Marc Gasol is a 3-point shooting wizard. Apparently. At least, that’s what we’ve been led to believe by the Memphis Grizzlies and their end-of-game magic against the Los Angeles Clippers last week.
Gasol — never really a long-range shooter — hit a 3-pointer with 14 seconds to go from the left corner to give the Grizzlies the lead over LA.
The play was a result of some iffy choices and communication on defense for the Clippers. On this week’s playbook breakdown, we’re going to check out all four of Gasol’s 3-point shots, how he got them against Los Angeles, and how he eked out a win in the clutch.
Read the breakdown below or watch the full video above.
Play No. 1 – Horns
The first set is just a basic Horns set with Gasol creeping out toward the 3-point line.
Zach Randolph comes to set the screen on the pick and roll for Mike Conley, and then most importantly, he rolls inward toward the basket. This gives DeAndre Jordan pause as he sags ever so slightly to help.
A timed pass from Conley gives Gasol the quick bucket.
Play No. 2 – Clippers Confusion
We’re probably going to see Memphis opponents hang out, take their time, and generally disrespect Gasol at the arc until they feel he’s a consistent threat. That’s what the Clippers’ mistake was during this play, and it cost them.
You can see that as Gasol moves up the floor, there’s a discussion going on between DeAndre Jordan, Blake Griffin, and Luc Mbah Moute about who to guard.
Griffin wants to switch, and they do eventually get it all sorted out, but look at where Gasol is when the ball is passed and the switch finally happens.
The ball is already coming to him on a pass to the arc for a 3-pointer, and LA doesn’t have time to recover.
Play No. 3 – Sagging Off
The play after is more of the same from the Clippers in that nobody really took responsibility for pressuring Gasol at the arc, and as a result, the whole defense was out of line on a string.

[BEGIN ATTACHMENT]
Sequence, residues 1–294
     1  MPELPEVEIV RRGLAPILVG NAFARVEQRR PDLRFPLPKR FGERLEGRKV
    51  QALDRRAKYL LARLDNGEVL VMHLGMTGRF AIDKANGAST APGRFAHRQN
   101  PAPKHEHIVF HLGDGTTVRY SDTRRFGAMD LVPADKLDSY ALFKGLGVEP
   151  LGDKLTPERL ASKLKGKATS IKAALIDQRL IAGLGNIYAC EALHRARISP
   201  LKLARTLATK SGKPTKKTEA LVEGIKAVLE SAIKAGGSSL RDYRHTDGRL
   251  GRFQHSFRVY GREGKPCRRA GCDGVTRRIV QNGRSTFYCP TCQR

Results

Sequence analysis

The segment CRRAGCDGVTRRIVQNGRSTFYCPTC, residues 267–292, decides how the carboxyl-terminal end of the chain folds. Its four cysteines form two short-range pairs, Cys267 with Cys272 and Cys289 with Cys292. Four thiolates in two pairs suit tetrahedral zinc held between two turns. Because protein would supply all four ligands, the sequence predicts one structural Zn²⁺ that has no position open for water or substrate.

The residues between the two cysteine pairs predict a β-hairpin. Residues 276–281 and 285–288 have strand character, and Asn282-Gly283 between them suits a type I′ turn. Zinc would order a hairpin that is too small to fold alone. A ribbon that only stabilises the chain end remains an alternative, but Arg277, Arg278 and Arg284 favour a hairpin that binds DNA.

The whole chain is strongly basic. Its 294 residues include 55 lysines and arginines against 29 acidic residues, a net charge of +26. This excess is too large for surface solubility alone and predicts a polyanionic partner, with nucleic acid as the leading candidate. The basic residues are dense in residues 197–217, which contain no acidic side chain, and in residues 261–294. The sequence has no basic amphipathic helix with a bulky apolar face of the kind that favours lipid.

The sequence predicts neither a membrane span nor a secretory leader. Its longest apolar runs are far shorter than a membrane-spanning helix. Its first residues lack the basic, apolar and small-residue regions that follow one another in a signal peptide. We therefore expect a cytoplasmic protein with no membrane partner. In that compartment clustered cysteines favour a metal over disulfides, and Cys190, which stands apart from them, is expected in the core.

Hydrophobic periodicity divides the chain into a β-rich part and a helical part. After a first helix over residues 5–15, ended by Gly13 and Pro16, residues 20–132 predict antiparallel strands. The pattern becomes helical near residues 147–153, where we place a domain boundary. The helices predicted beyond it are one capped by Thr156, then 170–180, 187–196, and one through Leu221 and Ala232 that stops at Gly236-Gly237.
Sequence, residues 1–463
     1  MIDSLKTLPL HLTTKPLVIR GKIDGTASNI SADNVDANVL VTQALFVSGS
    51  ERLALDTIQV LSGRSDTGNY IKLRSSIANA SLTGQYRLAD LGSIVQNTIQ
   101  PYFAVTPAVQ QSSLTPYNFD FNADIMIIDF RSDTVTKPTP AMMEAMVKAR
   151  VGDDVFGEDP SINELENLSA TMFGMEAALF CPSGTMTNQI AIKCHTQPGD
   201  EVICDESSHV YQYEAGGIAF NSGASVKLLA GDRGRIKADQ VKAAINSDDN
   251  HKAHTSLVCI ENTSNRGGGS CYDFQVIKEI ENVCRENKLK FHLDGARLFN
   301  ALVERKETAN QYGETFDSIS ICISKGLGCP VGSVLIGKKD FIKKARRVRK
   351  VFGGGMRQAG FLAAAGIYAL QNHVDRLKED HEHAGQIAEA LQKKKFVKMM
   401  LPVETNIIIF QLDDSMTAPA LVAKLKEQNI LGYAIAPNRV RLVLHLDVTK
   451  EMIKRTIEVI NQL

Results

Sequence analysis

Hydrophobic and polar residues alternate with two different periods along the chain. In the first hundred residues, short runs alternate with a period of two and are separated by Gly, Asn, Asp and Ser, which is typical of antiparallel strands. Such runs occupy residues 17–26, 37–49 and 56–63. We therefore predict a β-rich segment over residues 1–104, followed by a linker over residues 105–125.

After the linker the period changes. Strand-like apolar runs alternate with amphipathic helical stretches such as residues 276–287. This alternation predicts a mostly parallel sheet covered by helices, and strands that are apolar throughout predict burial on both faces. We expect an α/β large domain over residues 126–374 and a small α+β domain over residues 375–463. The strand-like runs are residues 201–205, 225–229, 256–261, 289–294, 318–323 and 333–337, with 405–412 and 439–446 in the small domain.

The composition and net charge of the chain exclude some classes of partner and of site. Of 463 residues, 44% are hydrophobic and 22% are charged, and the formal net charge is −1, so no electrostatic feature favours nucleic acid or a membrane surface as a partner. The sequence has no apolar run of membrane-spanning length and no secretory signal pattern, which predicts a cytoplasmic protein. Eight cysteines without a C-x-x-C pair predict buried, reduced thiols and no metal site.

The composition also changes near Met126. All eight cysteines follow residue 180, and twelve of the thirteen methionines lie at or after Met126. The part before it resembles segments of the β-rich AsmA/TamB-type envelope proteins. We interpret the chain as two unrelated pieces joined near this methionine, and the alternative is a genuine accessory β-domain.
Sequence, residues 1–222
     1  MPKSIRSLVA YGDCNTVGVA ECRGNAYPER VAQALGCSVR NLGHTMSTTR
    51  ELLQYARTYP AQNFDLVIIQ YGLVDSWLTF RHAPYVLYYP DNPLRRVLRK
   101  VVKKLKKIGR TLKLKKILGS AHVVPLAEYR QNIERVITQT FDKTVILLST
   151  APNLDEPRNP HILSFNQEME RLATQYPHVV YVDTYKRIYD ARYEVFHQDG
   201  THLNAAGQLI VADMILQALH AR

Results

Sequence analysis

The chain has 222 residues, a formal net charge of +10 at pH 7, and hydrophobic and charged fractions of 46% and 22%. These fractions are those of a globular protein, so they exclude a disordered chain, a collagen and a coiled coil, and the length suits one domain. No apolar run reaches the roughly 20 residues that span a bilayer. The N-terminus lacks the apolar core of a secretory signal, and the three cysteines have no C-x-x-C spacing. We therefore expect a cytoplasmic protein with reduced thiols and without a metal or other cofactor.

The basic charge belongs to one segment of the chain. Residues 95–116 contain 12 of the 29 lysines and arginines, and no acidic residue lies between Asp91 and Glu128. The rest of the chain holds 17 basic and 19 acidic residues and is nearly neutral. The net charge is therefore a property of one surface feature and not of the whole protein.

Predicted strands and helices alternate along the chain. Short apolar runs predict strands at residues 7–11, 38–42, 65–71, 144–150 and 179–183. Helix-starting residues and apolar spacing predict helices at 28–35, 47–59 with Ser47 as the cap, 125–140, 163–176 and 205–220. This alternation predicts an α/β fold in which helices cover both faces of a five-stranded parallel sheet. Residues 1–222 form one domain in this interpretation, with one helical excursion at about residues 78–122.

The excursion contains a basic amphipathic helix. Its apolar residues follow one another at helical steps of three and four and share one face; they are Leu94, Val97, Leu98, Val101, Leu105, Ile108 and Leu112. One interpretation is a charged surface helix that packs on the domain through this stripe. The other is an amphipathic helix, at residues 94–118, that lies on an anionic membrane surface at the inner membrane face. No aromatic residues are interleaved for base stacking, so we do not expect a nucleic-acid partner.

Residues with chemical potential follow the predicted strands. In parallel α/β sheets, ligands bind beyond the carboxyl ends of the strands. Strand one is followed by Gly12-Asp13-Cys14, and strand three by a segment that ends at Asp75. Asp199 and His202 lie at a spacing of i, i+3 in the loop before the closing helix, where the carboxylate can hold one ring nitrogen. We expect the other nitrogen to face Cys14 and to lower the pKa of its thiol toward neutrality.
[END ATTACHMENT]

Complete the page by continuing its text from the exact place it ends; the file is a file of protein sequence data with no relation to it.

As Conley rounds Gasol’s pick at the top of the play, you can see how low Jordan is playing in the ICE pick-and-roll coverage. He is exceptionally low for a player who is helping off a potential 3-point shooter, and shows just how little the Clippers thought of Gasol’s ability.
A better solution for next time would be to have Jordan undercut the screen to say tight enough on Gasol, and have Chis Paul to dig more aggressively off his man on the wing to slow penetration. That, or just suck up some space on the ICE and catch the dribbler at the wing instead of in the paint.
Both Paul and Jordan ended up sagging low here, and Gasol is basically wide open for his three.
Play No. 4 – Game Winner
When it came time for the game-winner, it was more about the Clippers shooting themselves in the foot defensively. It was a flat set, with Gasol in the corner and James Ennis coming up to set the screen for Conley.
When Ennis sets the slip screen is where Los Angeles gets it wrong. It’s not clear what the Clippers were doing. Are they switching on guard screens? Is that part of the gameplan? Is it an adaptation?
Paul eventually does switch on to Ennis, but before he does he shuffles over with Conley too far. He also doesn’t point out to Redick to switch (maybe switching was the plan all along). In any case, Redick seems caught off guard that Paul helps so much on Conley, and his hips aren’t pointed in the right direction.
That sets in motion Redick being behind for the rest of the play. He gets beat around the corner the first time, and again when Conley puts a step back move on him. LA had learned their lesson and put Jordan on Gasol in the corner, but the weird exchange on the switch led to Redick getting beat twice, necessitating Jordan’s help in the lane.
All that was left was the shot.
Oh, and that dance:
The Clippers fell asleep one too many times on the Grizzlies, and if Gasol keeps shooting like this I’ll bet we see teams start planning upfront for him at the 3-point line more often.